"I kind of kept my fingers crossed about it because I know how competitive this is," Doran said. "It’s Big Ten basketball. I know you have to get a few breaks when you’re a walk-on."
Rose also was in contact with the Iowa coaches and went through a few workouts with players such as Bettendorf’s Nicholas Baer, who was just joining the team as a preferred walk-on.
The coaches finally put him through a tryout with a couple of other players and decided to give him a roster spot.
"Just wanted an opportunity to play," McCaffery said. "Tried out for the team, didn't know who he was, but he's really smart and he's pretty good, a pretty good player."
Rose spent that season on the Iowa scout team along with Baer and another freshman, Brady Ellingson, simulating the upcoming opponents in practice.
He got into eight games, made the only shot he took (a 3-pointer against North Dakota State) and was credited with an assist in a victory over Davidson in the first round of the NCAA tournament.
The next year he was out of a job.
The Hawkeyes brought in twin brothers Michael and Steven Soukup from Danville, Iowa, as walk-ons and didn’t have room on the roster for Rose.
"It was a numbers thing," he said. "It’s business. It’s the Big Ten. I get it."
The next year the Soukups were gone, and Rose got another shot. He landed a roster spot again and has been on the team ever since.
"The one year he didn’t get that break, but I think his positive attitude helped," Doran said. "He kept coming back. I think that was the one thing about him. He just has a no-quit attitude."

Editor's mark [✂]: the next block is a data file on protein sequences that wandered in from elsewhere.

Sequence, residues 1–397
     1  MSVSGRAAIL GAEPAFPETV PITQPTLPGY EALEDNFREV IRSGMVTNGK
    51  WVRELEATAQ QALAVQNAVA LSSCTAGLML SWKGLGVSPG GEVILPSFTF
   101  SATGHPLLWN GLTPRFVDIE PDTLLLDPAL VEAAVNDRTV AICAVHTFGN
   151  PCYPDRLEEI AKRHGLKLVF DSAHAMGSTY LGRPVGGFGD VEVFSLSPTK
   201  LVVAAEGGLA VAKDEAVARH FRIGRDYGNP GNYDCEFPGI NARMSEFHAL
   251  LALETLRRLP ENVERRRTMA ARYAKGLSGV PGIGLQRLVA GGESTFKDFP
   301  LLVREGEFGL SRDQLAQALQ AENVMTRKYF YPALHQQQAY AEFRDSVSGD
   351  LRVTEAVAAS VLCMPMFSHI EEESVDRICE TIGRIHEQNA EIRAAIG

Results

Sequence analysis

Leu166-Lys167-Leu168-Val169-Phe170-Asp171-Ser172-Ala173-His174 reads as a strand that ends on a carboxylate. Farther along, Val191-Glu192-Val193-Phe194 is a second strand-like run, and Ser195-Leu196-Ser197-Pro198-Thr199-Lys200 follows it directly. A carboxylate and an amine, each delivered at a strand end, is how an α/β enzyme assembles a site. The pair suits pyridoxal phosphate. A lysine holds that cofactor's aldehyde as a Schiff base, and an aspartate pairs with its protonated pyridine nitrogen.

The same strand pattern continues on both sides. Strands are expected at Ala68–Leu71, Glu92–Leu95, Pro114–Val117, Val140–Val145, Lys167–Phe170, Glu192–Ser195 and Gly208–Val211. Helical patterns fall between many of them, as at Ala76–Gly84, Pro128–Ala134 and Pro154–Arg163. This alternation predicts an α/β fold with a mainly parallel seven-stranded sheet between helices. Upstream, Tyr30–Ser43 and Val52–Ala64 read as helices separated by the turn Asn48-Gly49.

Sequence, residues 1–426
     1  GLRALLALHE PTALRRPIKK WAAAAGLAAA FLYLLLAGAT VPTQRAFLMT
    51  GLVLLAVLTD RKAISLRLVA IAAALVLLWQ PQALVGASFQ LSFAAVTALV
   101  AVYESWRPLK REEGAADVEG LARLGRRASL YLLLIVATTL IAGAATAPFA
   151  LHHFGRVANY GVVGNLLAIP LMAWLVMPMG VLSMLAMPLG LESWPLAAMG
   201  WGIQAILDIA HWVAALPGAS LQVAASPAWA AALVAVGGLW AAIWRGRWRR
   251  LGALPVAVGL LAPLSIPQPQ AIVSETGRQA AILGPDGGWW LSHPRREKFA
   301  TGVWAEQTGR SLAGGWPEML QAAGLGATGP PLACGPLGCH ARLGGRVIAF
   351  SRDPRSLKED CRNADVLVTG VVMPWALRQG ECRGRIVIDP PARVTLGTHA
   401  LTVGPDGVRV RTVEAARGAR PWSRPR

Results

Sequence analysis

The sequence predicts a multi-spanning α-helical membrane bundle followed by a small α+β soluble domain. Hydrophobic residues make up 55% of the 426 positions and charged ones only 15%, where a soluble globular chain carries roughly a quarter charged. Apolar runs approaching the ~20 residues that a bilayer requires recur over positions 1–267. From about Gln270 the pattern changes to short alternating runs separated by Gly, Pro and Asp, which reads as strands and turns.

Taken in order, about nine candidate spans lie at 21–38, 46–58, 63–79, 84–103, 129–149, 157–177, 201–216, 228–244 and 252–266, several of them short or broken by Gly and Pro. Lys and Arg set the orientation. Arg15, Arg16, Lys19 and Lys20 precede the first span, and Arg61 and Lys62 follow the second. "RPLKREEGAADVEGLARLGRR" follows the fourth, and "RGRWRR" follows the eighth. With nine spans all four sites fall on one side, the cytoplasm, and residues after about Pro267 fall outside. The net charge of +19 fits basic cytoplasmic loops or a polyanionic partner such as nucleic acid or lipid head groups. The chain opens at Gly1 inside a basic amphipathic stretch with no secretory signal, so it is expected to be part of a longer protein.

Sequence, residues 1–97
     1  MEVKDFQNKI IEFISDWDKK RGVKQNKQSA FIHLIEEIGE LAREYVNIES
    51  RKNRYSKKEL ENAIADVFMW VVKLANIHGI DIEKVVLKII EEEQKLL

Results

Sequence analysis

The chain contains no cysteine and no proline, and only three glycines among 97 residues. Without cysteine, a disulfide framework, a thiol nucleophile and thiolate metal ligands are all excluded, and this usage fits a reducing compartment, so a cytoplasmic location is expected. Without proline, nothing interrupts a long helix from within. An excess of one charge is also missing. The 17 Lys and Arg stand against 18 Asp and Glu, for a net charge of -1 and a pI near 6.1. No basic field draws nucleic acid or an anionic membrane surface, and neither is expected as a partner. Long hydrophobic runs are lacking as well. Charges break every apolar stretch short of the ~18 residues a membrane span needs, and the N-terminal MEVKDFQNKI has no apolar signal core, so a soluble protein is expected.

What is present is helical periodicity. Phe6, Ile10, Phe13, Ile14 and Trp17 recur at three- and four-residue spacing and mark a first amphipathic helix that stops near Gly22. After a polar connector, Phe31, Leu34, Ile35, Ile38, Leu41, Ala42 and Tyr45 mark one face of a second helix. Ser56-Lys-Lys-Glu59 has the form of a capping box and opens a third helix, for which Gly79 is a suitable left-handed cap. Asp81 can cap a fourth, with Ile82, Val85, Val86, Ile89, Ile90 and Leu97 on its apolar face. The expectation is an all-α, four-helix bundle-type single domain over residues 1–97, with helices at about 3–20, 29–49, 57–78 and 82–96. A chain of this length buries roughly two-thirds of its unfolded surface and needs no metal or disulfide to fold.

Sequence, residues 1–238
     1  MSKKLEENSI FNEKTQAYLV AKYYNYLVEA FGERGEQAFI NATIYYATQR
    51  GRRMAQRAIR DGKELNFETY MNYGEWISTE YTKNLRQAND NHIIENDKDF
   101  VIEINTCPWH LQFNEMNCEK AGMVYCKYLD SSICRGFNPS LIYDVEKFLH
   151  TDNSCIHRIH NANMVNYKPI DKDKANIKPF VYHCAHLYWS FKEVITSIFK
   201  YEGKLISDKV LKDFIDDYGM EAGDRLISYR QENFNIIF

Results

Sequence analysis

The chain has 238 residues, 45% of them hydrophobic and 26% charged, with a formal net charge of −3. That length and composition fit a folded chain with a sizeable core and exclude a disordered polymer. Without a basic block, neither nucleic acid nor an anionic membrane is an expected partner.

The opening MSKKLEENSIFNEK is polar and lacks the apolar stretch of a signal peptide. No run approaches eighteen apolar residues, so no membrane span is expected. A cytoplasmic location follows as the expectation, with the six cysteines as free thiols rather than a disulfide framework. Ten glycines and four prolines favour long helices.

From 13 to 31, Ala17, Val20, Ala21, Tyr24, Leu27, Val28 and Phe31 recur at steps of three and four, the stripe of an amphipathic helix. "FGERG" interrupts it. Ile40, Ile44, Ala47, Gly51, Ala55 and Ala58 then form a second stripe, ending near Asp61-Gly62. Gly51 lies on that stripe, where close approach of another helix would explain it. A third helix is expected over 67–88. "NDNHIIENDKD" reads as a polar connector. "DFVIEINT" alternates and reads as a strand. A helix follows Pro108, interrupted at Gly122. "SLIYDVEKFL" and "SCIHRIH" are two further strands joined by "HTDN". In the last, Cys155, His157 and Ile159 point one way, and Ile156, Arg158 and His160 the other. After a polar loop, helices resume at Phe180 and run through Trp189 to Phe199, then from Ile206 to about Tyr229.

Rose has continued to be a valued member of the scout team and got into seven games in mop-up situations each of the past two seasons.
The Hawkeyes haven’t enjoyed the same sort of team success in those two years, but Rose said he still gets a sense of fulfillment from watching a team on the court that he knows he helped prepare in practice.
"When we are doing well in practice, hopefully that translates well into the game," he said. "It’s nice to see them shut down the plays that they shut us down on in practice. It’s very satisfying."
He said those are the things he will remember from his years on the Iowa roster: The practices, the late-night shooting workouts, seemingly insignificant little moments in the locker room.
He said it’s "pretty wild" that it already is coming to an end.
He will have his parents, Robert and Kathleen Rose, there with him for the ceremonies today along with sisters Caroline and Sarah, both of whom are accomplished volleyball players. Caroline plays for Western Michigan, and Sarah has signed to play at Marquette next fall.
"I’m just happy my family will be here to see me recognized before the game, even if I don’t get to play," Rose said.
Doran will be watching, too, on television.
"He had his heart set on going to a bigger school," Doran said. "He’s definitely someone who in my opinion could have gone to a Division II or III school and been one of the better players …
"He kind of went for it. He really has lived the dream. Every time I watch them, I see him on the bench putting up 3s after somebody hits a 3 for Iowa. He’s just had such a great experience at Iowa. … It’s been fantastic to watch."